A look back at some of our adventures of the past weeks/months.
After spending some quality family and friend time in Boston in early May, we headed west toward the Berkshires. The Berkshires is one of those east coast places (like Poconos, Adirondacks, Smokeys) that was tantalizingly close, but not close enough, so they remained unexplored, but always made me long for more vacation days. Time to get there, time to kick back and enjoy the natural beauty, and more time to see what there is to see, time to see what you didn’t know there was to see until you got there. Time, time, time. The bounty of this trip.
It being so early in the season, it was easy enough to pick our spot using the state’s list of campground opening dates: Mohawk Trail State Forest it was. The drive there was lovely – even some tempting places to stop for supplies along the way. We settled into our spot on the Deerfield River and even set up the hammock and had a few campfires (#4 and #5 of nine months on the road, I believe).
There is little to no AT&T cell service here – I did a very small part of a very steep hike adjacent to the campground, and got a little more. More importantly on that hike – I truly felt it was spring for the first time. This was our first nature nature stop since Acadia a few weeks prior – where it snowed! I’m not much at identifying flora and fauna but what really blew me away was the BIRDS, chirping like no one was listening. But me. It was musical and heart lightening.
Exploring the next day, we checked out Williams College. Now, I am a Wesleyan Alum and have some very bitter memories of finishing second to Williams in sporting events throughout college, including in my own sport of rowing. There was a Tshirt for sale extolling the nature of the “Little Three” rivalry calling it the “good, the bad & the ugly”. Wesleyan was the bad. Amberst, the ugly. So, I guess it could have been worse. But it was pretty easy to put all that behind me and enjoy the beautiful day on campus (the students clearly were).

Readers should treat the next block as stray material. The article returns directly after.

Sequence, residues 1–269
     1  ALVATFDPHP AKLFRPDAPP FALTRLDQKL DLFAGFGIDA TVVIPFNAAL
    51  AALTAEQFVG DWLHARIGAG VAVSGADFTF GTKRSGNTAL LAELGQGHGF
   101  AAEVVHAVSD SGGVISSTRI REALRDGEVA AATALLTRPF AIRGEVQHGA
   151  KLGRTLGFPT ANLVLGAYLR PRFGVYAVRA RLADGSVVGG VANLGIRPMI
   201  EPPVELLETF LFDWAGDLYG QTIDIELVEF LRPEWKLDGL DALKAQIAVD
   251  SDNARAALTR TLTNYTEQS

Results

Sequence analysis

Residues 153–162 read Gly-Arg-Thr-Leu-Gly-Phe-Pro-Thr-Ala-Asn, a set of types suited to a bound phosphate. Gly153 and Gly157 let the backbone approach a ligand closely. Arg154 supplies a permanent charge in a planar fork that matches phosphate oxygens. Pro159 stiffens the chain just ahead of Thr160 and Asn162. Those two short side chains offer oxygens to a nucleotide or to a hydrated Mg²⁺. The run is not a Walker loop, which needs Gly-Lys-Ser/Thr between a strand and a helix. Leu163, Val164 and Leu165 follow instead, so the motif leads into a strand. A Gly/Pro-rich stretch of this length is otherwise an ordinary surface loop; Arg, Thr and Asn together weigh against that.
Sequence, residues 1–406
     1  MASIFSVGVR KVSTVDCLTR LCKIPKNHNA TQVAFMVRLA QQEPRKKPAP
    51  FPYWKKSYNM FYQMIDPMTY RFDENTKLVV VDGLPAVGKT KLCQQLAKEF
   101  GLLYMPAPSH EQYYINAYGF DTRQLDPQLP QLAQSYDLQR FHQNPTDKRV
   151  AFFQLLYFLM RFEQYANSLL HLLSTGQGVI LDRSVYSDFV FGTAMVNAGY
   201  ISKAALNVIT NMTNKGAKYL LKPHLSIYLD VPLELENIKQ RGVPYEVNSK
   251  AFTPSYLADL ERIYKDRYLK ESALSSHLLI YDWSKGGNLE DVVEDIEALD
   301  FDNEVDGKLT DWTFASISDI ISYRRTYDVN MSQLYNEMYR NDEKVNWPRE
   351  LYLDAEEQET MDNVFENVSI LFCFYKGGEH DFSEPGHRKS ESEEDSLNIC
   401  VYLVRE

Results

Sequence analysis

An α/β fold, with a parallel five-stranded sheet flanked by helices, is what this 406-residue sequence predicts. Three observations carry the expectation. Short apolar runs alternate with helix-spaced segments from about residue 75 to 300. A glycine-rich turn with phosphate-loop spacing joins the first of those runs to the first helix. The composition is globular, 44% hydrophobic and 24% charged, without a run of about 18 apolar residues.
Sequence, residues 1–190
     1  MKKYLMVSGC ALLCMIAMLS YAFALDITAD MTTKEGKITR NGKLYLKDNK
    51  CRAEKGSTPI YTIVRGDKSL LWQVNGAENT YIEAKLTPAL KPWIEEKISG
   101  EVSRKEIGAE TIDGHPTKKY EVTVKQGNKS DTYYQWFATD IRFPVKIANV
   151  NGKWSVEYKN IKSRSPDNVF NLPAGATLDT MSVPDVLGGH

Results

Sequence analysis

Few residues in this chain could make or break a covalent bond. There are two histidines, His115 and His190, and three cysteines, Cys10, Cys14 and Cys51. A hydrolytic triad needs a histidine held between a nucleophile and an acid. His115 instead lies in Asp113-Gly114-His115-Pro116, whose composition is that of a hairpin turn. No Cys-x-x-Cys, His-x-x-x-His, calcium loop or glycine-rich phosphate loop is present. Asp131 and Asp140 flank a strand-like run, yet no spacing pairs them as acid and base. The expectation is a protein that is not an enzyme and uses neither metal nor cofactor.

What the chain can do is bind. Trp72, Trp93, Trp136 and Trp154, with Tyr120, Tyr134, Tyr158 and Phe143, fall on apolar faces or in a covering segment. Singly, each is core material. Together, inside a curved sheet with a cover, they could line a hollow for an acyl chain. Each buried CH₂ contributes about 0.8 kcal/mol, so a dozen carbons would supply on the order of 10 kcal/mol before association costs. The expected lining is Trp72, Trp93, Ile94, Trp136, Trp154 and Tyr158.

There is a great museum there – The Clark – which we skipped this time because it just wasn’t a museum kind of day. On the list for next time.
Continuing our drive, we stopped by the Susan B. Anthony birthplace (b. 1820) in Adams. Though still closed for the season, we poked around outside, imagining Susan (she probably would have been doing something more industrious) and her Quaker upbringing, her familiy’s commitment to abolition, which led her to temperance and women’s suffrage. She’d probably be amazed to know it’s taken us this long to (almost) get a woman at the head of a major party presidential ticket. She’d probably be amazed at some other things about this year’s campaign, but I digress.
After a few days, we ventured south and took advantage of WBCCI member courtesy parking (for the first time) at in Pittsfield. WBCCI is a membership organization for Airstream owners, and named for Wally Byam, the founder. The Antenellis couldn’t have been more hospitable-they shared their homemade wine and grappa and gave us a trivet and an iron! They have spent a lifetime traveling, are avid skiers, and gave us great tips on the area. They said in the forty plus years they have offered courtesy parking, only a few had taken advantage.